WASHINGTON — Today, U.S. Immigration and Customs Enforcement (ICE) and U.S. Customs and Border Protection (CBP) returned a collection of objects illegally imported into the United States from Iraq. The objects were discovered as part of four separate investigations by ICE's Homeland Security Investigations (HSI) in Tampa, Florida; Newark, New Jersey; El Paso, Texas; and Little Rock, Arkansas.
The objects were presented during a joint repatriation ceremony attended by Iraqi Ambassador to the United States, Samir Shakir Mahmood Sumaida'ie, Deputy Director of U.S. Immigration and Customs Enforcement Kumar Kibble, and Assistant Director in Charge of the FBI's Washington Field Office James McJunkin.
"On behalf of the Iraqi people, I want to thank ICE and U.S. Customs and Border Patrol for their commitment to seizing and returning cultural heirlooms to Iraq," said Iraqi Ambassador Sumaida'ie. "Iraq's long and rich history unites all Iraqis, regardless of ethnic or religious differences. Preserving our heritage is not only important to us as Iraqis but rather is important to all nations because it is an invaluable part of world heritage."
The objects presented as part of this repatriation ceremony included a collection of Saddam Hussein-era items and a Western Asiatic necklace (circa 3rd-2nd millennium B.C.). The Saddam-era objects were seized in an investigation that started in September 2003, in Jacksonville, Florida. As CBP inspectors were examining military containers shipped from Iraq, they discovered a number of items including large colorful paintings and two AK-47 rifles hidden behind defibrillators and other medical equipment.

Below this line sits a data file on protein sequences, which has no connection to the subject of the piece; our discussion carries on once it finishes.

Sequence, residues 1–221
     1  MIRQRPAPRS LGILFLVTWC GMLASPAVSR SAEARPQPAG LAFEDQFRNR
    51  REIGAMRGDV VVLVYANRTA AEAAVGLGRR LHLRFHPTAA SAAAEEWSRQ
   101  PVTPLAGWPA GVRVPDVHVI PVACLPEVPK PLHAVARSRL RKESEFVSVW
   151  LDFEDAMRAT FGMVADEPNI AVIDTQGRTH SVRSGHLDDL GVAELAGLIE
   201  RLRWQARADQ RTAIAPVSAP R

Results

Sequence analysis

In another investigation, begun in June 2007, CBP officers contacted the ICE HSI Newark office regarding a gold-etched cornelian and lapis lazuli bead necklace, which was listed as originating from Italy. Expert examination revealed that the necklace is from southern Mesopotamia, possibly from the royal tombs at Ur. It dates back to approximately 2,500 BCE and may have been looted from the Baghdad Museum.
In April 2010, the ICE HSI office in Little Rock, Arkansas, received a lead regarding possible stolen Iraqi cultural objects being sold on an online auction website. ICE HSI agents seized a Christofle 12-piece place setting with wood chest, and miscellaneous silver utensils and serving pieces inscribed with the crest of the Ba'ath Party in Iraq.
In September 2010, the ICE HSI office in El Paso, Texas began an investigation of Iraqi antiquities for sale on Craigslist. Undercover ICE HSI special agents contacted the antiquities seller, a member of the U.S. Army. After agents met him at his home, he took them to his garage and showed them a marble slab from Saddam Hussein's Baghdad palace. The seller explained that he obtained the marble from a vendor while he was in the Army patrolling towns in Iraq. Numerous items from Saddam's military and an additional marble slab were seized.
ICE HSI plays a leading role in investigating crimes involving the illicit importation and distribution of cultural property. ICE HSI uses its investigative authority to seize cultural property items if they were illegally imported into the United States. It also investigates the illegal trafficking of artwork, especially works that have been reported lost or stolen. ICE's Office of International Affairs, through its 69 attaché offices in 47 countries, works closely with foreign governments to conduct joint investigations, when possible.
ICE's specially trained investigators and foreign attachés partner with governments, agencies and experts to protect cultural antiquities as well as train investigators from other nations and agencies on how to find and authenticate cultural property, and how to best enforce the law to recover these items when they emerge in the marketplace.
Since 2007, ICE has repatriated more than 2,400 items to more than 20 countries including paintings from France, Germany and Austria; an 18th century manuscript from Italy; and a bookmark belonging to Hitler as well as cultural artifacts from Iraq including Babylonian, Sumerian and neo-Assyrian items.